Telling someone — no matter how close you are to them — that you have psoriasis can be difficult. In fact, they may notice it and say something before you have a chance to bring it up.

In any case, getting the boost of confidence you need to speak up and talk about psoriasis can be challenging, but it can also be worth it. Need proof? Take a look at how some of your fellow psoriasis peers are speaking up.

I tell people without hesitation because it avoids embarrassing situations. For example, one time I was getting my hair washed at a hair salon. The beautician gasped, stopped washing my hair, and then stepped away. I knew immediately what the problem was. I explained that I had scalp psoriasis and that it wasn’t contagious. From that time forward, I always inform my beautician and anyone else who may have a negative reaction.

Debra Sullivan, PhD, MSN, RN, CNE, COI

The spoon theory has been the best way. ... You start with 12 spoons. The spoons represent your energy, what you’re capable of doing for that day. When explaining [psoriasis] to someone, get the spoons out. Tell them to run through their day, and that you will show them how that works in your body. So start [with the] morning routine. Get out of bed, one spoon gone. Take a shower, another spoon gone. ... Most people with autoimmune diseases will run out of spoons while at work, not allowing them to fully function.

Mandie Davis, living with psoriasis

Nothing to be embarrassed about. I dealt with it for years until one day I landed in the hospital from it. Your first step is to get a dermatologist! Psoriasis has no cure yet, but you don’t have to suffer or just deal because of it. You have so many options.

Stephanie Sandlin, living with psoriasis

I’m now 85 and I’ve not had an opportunity to share with anyone, since I’ve decided to suffer this privately. But now I would be interested to hear and learn anything that would be helpful to ease the stiffness and pain.

Ruth V., living with psoriatic arthritis

The summer going into my junior year of high school, I went with some friends to the beach. My skin was pretty spotty at the time, but I had been looking forward to relaxing in the sun and catching up with the girls. But an incredibly ballsy women ruined my day by marching up to ask if I had the chicken pox or “something else contagious.”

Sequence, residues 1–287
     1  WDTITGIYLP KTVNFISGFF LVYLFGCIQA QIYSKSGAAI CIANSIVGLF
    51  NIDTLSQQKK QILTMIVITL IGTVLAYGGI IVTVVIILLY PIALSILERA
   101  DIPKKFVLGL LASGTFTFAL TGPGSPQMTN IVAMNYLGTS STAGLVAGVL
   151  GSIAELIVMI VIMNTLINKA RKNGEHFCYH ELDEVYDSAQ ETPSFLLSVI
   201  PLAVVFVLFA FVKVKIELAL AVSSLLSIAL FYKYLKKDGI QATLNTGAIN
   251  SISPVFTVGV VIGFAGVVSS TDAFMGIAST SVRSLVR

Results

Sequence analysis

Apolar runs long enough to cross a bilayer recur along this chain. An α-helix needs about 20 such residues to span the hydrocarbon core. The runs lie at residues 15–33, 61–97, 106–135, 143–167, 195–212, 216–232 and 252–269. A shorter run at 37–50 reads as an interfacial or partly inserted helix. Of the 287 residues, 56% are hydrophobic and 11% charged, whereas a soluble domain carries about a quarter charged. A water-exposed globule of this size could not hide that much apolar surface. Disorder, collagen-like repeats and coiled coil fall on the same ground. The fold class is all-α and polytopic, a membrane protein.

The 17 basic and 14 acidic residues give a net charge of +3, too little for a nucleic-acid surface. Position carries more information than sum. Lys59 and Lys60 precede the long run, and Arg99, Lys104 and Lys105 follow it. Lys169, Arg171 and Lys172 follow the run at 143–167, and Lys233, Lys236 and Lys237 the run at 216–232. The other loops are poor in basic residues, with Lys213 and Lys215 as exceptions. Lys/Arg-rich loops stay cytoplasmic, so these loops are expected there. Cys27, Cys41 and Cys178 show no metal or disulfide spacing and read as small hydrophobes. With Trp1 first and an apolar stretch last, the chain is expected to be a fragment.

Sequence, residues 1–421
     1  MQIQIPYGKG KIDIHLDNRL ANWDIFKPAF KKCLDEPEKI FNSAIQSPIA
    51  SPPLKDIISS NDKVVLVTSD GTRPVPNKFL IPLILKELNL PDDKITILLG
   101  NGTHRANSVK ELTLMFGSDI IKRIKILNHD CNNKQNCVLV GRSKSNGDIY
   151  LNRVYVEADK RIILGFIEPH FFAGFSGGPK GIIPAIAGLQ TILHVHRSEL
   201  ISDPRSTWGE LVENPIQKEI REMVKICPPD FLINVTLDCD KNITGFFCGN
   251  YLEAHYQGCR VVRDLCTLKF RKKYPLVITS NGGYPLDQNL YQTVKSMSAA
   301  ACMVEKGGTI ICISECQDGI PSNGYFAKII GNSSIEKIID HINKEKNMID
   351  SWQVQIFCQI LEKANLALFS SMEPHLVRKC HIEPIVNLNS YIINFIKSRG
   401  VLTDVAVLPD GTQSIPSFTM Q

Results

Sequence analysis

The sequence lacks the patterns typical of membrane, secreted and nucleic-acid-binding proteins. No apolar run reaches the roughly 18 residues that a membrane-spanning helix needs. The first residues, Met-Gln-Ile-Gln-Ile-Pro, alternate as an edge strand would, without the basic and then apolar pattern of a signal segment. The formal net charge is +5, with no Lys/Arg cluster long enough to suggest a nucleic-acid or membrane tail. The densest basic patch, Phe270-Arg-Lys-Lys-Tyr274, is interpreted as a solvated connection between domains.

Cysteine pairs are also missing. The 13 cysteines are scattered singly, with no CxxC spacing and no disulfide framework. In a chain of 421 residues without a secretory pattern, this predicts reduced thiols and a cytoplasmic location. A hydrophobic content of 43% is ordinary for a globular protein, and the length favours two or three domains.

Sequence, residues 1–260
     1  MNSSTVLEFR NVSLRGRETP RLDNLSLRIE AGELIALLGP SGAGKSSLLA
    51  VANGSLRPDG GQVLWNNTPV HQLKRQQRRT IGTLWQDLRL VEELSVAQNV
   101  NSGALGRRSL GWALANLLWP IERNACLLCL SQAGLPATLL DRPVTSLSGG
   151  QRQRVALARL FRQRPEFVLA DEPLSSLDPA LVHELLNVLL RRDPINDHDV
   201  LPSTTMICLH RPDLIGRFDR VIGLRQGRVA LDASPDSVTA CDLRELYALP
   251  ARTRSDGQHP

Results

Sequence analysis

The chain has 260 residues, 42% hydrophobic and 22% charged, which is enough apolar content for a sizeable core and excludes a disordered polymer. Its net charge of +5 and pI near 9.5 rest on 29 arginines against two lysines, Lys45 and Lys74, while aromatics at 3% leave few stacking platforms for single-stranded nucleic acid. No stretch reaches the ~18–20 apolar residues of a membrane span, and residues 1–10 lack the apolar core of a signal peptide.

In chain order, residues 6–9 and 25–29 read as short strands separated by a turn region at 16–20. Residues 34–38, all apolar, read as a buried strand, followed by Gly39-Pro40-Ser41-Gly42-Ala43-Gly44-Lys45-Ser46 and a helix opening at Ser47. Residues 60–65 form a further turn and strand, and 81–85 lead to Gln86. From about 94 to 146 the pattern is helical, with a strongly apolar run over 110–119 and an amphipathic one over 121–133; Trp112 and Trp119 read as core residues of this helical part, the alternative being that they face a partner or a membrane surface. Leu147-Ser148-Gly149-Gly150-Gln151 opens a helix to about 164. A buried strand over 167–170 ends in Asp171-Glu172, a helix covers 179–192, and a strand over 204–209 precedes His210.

Before I could explain, she went on to provide me with an incredibly loud lecture about how irresponsible I was, putting everyone around me in danger of catching my disease — especially her precious children.

I wasn’t as comfortable in my skin then, as I was learning how to live with the disease. So instead of the earful that I replay in my head about what I would have said, she got a whispered reply of “Uh, I have psoriasis” and me shrinking my 5'7" lanky frame into my beach chair to hide from everyone staring at our exchange. Looking back, I know it was probably not that loud of a conversation, and I’m sure not that many people cared to stare. But I was too embarrassed to notice at the time.

I’m reminded of that encounter whenever I put on my bathing suit. Even when my skin is in good shape, I still think about how she made me feel. It ultimately made me a stronger person, but I can clearly remember feeling incredibly self-conscious and horrified.

Joni, living with psoriasis and blogger of Just a Girl with Spots

A lot of people have it, but not a lot of people talk about it. It’s embarrassing. It can feel like a superficial thing to complain about. (It could be worse, right? It’s just on my skin.) And it’s hard to meet fellow psoriasis patients. (After all, most of us do our best to make sure no one else can tell we have it!)

Sarah, living with psoriasis and blogger of Psoriasis Psucks